All The Best New Indie Music From This Week

Indie music has grown to include so much. It’s not just music that is released on independent labels, but speaks to an aesthetic that deviates from the norm and follows its own weirdo heart. It can come in the form of rock music, pop, or folk. In a sense, it says as much about the people that are drawn to it as it does about the people that make it.

Every week, Uproxx is rounding up the best new indie music from the past seven days. This week, we got new music from Fabiana Palladino, The Drums, Babehoven, and more.

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Fabiana Palladino – Fabiana Palladino

Virtuosic session bassist Pino Palladino is known for his versatility, adapting his playing style to that of the main artist’s, whether that’s D’Angelo, Blake Mills, or John Mayer. His daughter, Fabiana, does something similar, except she has carved out her own style at the nexus of indie-pop and ’80s soul, adjusting her elastic voice to suit her own vision rather than someone else’s. Her eponymous debut album, co-produced with the ever-elusive synth-pop mastermind Jai Paul, is a tour de force from a talented new voice in pop music.

Pedro The Lion – “Modesto”

David Bazan is tackling the apocryphal “states” project Sufjan Stevens long ago abandoned. With Bazan, though, his approach is more granular and autobiographical. With 2019’s Phoenix and 2022’s Havasu under his belt, Bazan is now headed to Santa Cruz for the next Pedro The Lion album. Its lead single, “Modesto,” rolls by at a leisurely pace before waves of arpeggiated synthesizers overtake it. It’s yet another stunner from the indie rock dignitary.

Sarah Grace White – “Sinkhole”

Los Angeles’ Sarah Grace White has spent her whole life singing, but only now has she started putting out her own music. Following her debut EP last year, White has teamed up once again with producer Jorge Balbi, who drums for indie legend Sharon Van Etten, for “Sinkhole.” It’s a gentle, brooding tune rooted in the melancholia of artists like The Weather Station and Angel Olsen. Even though she grew up writing songs in solitude, it’s a gift that she now shares with the rest of the world.

The Drums – “The Impossible”

Last year, Jonny Pierce, who makes jaunty surf-rock as The Drums, released Jonny, a diaristic record centered on his intense religious upbringing and how it has affected him in adulthood. The deluxe edition of that record was just released, and it includes five new songs. “The Impossible,” one of those five, contains everything you know and love about The Drums: single-string guitar hooks, energetic drums, and Pierce’s breezy vocals, all of which belie the darkness at the core.

Brijean – “Workin’ On It”

In 2019, Brijean emerged with their debut album, Walkie Talkie, and have maintained a prolific streak ever since. The Oakland psych-pop duo, made up of Brijean Murphy and Doug Stuart, are about to release their fourth album in five years. Macro doesn’t come out until July, but Brijean have shared “Workin’ On It” to tide fans over. It’s a delectably groovy, funky pop song with loads of auxiliary percussion, wah-wah, and slick bass playing.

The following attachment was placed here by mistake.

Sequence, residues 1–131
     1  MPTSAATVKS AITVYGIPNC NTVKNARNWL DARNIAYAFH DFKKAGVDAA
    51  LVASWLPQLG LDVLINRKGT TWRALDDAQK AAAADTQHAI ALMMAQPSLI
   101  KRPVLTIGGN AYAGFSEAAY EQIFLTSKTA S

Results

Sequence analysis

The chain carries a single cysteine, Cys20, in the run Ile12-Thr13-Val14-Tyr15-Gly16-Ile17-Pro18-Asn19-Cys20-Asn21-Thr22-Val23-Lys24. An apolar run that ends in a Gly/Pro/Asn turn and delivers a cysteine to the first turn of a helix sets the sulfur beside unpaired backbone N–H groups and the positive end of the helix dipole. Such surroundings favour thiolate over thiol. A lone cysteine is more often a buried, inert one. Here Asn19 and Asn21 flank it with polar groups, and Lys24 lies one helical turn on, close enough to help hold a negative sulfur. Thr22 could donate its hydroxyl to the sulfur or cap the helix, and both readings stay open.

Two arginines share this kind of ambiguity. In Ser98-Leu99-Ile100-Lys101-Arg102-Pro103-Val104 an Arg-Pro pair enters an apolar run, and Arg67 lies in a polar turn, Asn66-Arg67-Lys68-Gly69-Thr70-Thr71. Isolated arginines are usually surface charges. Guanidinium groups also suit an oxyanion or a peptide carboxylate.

Eric Slick – “New Age Rage”

Kicking off with a batch of swift, dexterous drums, the title track of Eric Slick’s forthcoming album, New Age Rage, doesn’t waste time. It’s a frilly dalliance into dance-rock maximalism, overloading your senses with the Taco Bell gong, the AOL Instant Messenger door slam, Daft Punky vocoders, and synth squiggles that wouldn’t sound out of place in Waluigi Pinball from Mario Kart DS. Slick gets his point across perfectly: This is the new age, and it’s time to rage.

Les Savy Fav – “Limo Scene”

Les Savy Fav are about to return with their first new album in over a decade, OUI, LSF. The New York post-punkers have supplied us with another new single from it, “Limo Scene.” Interspersed with metallic guitar stabs and a sprightly bass line, Les Savy Fav’s latest is a dance-punk jam for the ages.

Cloud Nothings – “Silence”

Before the imminent release of Cloud Nothings’ new album, Final Summer, they’ve shared one more taste of what’s to come. “Silence,” the group’s Dylan Baldi says, is about feeling powerless in the face of systematic, political strife. Namely, Baldi wrote the song after reading Supreme Court Justice Samuel Alito’s majority opinion that overturned Roe v. Wade. “It’s wild that you can be a Supreme Court Justice and also be an idiot,” Baldi said about the track. That indignation comes through in the chorus: “With silence playing like a song that everyone knows / Right before the lie gets bigger and the lie moves into your home.”

Babehoven – “Ella’s From Somewhere Else”

Water’s Here In You, the latest album from indie-folk-meets-slowcore duo Babehoven, is just a few weeks away from release. The closing track, the six-minute “Ella’s From Somewhere Else,” is an homage to Squirrel Flower’s Ella O’Conner. In a press statement, vocalist Maya Bon says that she “began thinking of all the places Ella takes me in her songs.” Ella is also the name of Bon’s childhood dog, so the song slowly transformed into a dual tribute to both of the Ellas. And a beautiful tribute it is. It’s without a doubt one of Babehoven’s best songs.

Young Jesus – “Moonlight”

John Rossiter, the figurehead behind Young Jesus, has been rolling out his upcoming album, The Fool, with pairs of songs. One of those new singles is “Moonlight,” a track that Rossiter says is about two characters, David and Eloise, whom he created roughly 15 years ago and soon forgot about. For “Moonlight,” they make a grand return. “Eloise walks to take a picture of the lake at night,” he sings in the first verse, outlining a narrative about David’s voyeuristic inclinations on Eloise’s Instagram.